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|Tyranny, oppression can be overcome|
Twenty years ago this week, the fractures in the Soviet Union political system manifested in celebrations atop one of the endearing symbols of the Cold War (the Berlin Wall) and then its destruction.
But this was more than a symbol. The wall was a hideous disfigurement of a city that had once been a cultural capital of Europe. It was a daily reminder of the limits placed on Germans, Europe and the world by that Kremlin dictatorship bent on domination. No modern regime had ever found it obligatory to wall up its citizens to keep them from escaping.
The wall, which was euphemistically referred to as the "anti-Fascist Protection Wall," was erected in 1961 under the direction of the Soviet Union's Premier Nikita Khrushchev with East Germany's Walter Ulbricht a smiling, willing accomplice.
Over the years, the costs of maintaining the wall to East Germany and the Soviet Union were steep. In addition to being a monstrous eye-sore, requiring a commitment of security personnel at all times, the wall pushed many smart, young East Germans out into the West never to return. This "brain drain" from East to West would be a reoccurring theme throughout the Cold War. The wall "officially" resulted in almost 200 Germans being killed trying to escape.
Also, the wall would be a flash point between the Superpowers already astride a powder keg on international political intrigue. Phrases like, "Bernauer Strasse", "Potsdamer Platz", and, of course, "Checkpoint Charlie" entered the lexicon of Cold War politics.
There would be much rhetoric and little action over the years by the U.S. But considering the high stakes game of nuclear holocaust between the Soviets and the U.S., there was actually little that could be done. Still, presidents of both parties often took up the task of pressing the system and making demands.
Reminiscent of John F. Kennedy's 1963 speech where he declared "Ich bin ein Berliner" ("I am a Berliner") and thereby pledging American support for West German democracy; Ronald Reagan in 1987 demanded, "Mr. Gorbachev, open this gate. Mr. Gorbachev tear down this wall!"
Although Soviet Premier Mikhail Gorbachev did not formally break any of the mortar holding the domino like structures in place, his commitment to "perestroika" and "glasnost" persuaded governments from the Baltics to Poland to Hungary to East Germany to relax their authoritarian system and allow their citizens to breathe freedom.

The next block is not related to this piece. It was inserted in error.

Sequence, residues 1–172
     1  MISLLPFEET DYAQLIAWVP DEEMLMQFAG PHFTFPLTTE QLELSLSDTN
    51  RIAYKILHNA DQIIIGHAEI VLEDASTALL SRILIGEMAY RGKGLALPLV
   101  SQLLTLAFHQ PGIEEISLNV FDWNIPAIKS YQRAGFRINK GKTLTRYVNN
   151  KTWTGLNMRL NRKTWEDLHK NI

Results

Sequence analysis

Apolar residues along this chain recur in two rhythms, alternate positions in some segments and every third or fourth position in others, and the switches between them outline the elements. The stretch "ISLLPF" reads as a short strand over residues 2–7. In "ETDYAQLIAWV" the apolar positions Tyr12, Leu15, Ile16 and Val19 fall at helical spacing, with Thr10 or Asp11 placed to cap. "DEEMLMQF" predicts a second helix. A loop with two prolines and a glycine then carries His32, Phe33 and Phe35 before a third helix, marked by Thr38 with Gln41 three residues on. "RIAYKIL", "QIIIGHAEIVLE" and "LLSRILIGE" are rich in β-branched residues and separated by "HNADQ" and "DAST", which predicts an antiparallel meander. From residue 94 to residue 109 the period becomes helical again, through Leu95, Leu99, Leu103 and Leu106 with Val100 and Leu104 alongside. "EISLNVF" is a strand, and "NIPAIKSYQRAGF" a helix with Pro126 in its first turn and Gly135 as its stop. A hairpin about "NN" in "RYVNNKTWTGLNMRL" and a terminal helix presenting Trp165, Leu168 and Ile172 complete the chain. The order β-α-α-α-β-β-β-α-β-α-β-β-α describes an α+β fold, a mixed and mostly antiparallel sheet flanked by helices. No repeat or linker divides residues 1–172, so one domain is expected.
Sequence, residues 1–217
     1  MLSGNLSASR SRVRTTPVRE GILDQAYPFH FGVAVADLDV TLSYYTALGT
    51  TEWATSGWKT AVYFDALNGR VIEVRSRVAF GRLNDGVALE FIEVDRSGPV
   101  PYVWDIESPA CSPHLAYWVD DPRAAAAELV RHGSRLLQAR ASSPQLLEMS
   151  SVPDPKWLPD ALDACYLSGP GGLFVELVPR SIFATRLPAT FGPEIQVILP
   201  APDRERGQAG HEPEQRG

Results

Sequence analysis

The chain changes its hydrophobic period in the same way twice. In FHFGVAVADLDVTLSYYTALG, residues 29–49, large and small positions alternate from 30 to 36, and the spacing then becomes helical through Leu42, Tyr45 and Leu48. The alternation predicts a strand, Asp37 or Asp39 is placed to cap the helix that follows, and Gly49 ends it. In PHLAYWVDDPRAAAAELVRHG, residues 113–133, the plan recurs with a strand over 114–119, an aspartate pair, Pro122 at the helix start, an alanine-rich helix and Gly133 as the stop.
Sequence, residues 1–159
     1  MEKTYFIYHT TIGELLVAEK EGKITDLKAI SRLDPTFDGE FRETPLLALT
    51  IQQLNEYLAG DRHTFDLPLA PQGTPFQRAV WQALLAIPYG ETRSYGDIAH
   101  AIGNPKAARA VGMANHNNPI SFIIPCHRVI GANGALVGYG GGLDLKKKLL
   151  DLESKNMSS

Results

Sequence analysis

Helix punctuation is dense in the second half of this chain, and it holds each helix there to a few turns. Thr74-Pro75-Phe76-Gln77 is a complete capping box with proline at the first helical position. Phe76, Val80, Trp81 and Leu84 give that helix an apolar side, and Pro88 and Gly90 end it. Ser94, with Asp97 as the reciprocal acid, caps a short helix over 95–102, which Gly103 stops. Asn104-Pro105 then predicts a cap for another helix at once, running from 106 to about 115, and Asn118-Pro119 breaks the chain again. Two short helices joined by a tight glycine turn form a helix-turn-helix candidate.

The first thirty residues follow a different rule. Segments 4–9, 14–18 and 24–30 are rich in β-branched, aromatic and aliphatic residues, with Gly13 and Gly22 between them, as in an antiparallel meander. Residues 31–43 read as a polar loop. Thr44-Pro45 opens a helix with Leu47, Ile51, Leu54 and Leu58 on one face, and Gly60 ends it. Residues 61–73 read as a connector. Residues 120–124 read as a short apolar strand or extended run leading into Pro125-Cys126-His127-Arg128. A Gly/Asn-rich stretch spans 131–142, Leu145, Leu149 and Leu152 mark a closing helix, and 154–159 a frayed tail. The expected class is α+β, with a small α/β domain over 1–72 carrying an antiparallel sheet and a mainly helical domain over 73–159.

In fact, the cracking of the Berlin Wall was first heard from Budapest when the Hungarian government allowed the defection of 13,000 East Germans just a couple of months earlier in September of 1989. This event, coupled with East German Erich Honecker's resignation a month later paved the way for the unthinkable. The new government announced that new travel laws for East Germans would begin immediately and the flood-gates were open.
Current German Chancellor Angela Merkel, who grew up on the wrong side in East Berlin, was one of those slashing through that wall in 1989. She recalled the event as "an epic moment in history. For me, it was one of the happiest moments of my life."
Bringing the two states of West and East Germany back together has not been without difficulties. But, a united Germany has made a fully realized European Union possible. One of the most telling anthems from this era was the much chanted, "Wir waren das Volk" or "We are the people."
By the end of 1990, the Berlin Wall had been completely torn down, communism in the Soviet Union had collapsed and the Cold War ended. Brandenburg Gate was opened for good.
Today, remnants of the wall adorn museums or outdoor displays. Checkpoint Charlie is a 1970s style exhibition and the old guardhouse is a mere replication. There are a few slabs of concrete and bricks to remind Berliners and the rest of the world of what took place here. Instead of so many soldiers menacingly holding rifles, graffiti and bumper stickers align those parts of the wall still standing while tourists traverse adjacent boulevards.
If there is a lesson in this gloomy period of the Cold War, then it is this: a people committed to freedom and liberty can prevail over the forces of tyranny and oppression because the human spirit longs for liberation and emancipation.
John W. Sutherlin, PhD, is an assistant professor of political science at the University of Louisiana-Monroe. He also is co-director at the ULM Social Science Research Lab. He can be reached by e-mailing Sutherlin@ulm.edu.